In what might have been a slip of the tongue, President Joe Biden said Monday night that former President Jimmy Carter asked him to deliver his eulogy.
“He asked me to do his eulogy,” Biden said, at a fundraiser in Rancho Santa Fe, California.
Biden then stopped himself, adding: “Excuse me, I shouldn’t say that.”
The Carter Center, Carter’s Atlanta-based nonprofit, declined to comment early Tuesday on Biden’s remarks.
The center announced last month that Carter, 98, had entered home hospice care in Plains, Georgia.
Biden didn’t say Monday how long ago Carter asked him to deliver his eulogy.
Carter and Biden have enjoyed a relationship dating back to when Biden was a first-term senator from Delaware in 1976. Biden endorsed Carter, then Georgia’s governor, as the Democratic presidential candidate, becoming one of the first elected officials outside the Peach State to back Carter.
Returning the favor in 2020, Carter endorsed Biden for president, saying in a recorded speech that Biden was someone with the “experience, character and decency to bring us together and restore America’s greatness.”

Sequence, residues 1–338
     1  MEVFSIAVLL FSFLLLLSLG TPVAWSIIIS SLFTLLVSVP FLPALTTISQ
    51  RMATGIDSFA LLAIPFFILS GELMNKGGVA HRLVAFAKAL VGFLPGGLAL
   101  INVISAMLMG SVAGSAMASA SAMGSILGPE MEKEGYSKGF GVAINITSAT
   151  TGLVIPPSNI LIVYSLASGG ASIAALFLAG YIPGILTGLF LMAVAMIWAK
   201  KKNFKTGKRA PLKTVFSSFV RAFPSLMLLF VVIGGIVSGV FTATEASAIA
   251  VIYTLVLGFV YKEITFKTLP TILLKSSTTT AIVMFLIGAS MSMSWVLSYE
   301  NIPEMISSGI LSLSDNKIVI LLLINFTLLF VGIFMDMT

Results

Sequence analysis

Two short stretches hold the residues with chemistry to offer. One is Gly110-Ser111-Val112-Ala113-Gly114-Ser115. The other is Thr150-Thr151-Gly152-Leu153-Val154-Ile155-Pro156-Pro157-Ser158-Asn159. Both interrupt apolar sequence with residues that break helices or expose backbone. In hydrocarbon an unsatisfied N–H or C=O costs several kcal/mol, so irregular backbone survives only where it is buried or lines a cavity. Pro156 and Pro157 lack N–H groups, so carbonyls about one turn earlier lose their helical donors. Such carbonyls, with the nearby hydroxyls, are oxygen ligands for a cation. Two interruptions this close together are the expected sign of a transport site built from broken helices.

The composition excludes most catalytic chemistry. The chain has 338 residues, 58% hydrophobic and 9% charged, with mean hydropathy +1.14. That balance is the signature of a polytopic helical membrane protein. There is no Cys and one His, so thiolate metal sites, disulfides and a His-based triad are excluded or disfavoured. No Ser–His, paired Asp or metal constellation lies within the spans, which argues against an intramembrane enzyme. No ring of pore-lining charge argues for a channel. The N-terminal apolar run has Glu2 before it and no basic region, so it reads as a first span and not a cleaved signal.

In 2021, Biden and first lady Jill Biden visited Carter and former first lady Rosalynn Carter in Plains, a rural town of barely more than 500 residents.
In his speech Monday, which was covered by a White House press pool, Biden talked about his 25-year plan to cut the cancer death rate in half.
“I spent time with Jimmy Carter, and it’s finally caught up with him,” Biden said. “But they found a way to keep him going for a lot longer than they anticipated, because they found a breakthrough.”
In the fall of 2015, Carter announced that he had several cancer spots that had spread to his brain. By December of that year, and after therapy, Carter announced in church that an MRI scan had revealed that the spots were gone.
But his health deteriorated again recently.
“After a series of short hospital stays, former U.S. President Jimmy Carter today decided to spend his remaining time at home with his family and receive hospice care instead of additional medical intervention,” the Carter Center announced on Feb. 18. “He has the full support of his family and his medical team.”
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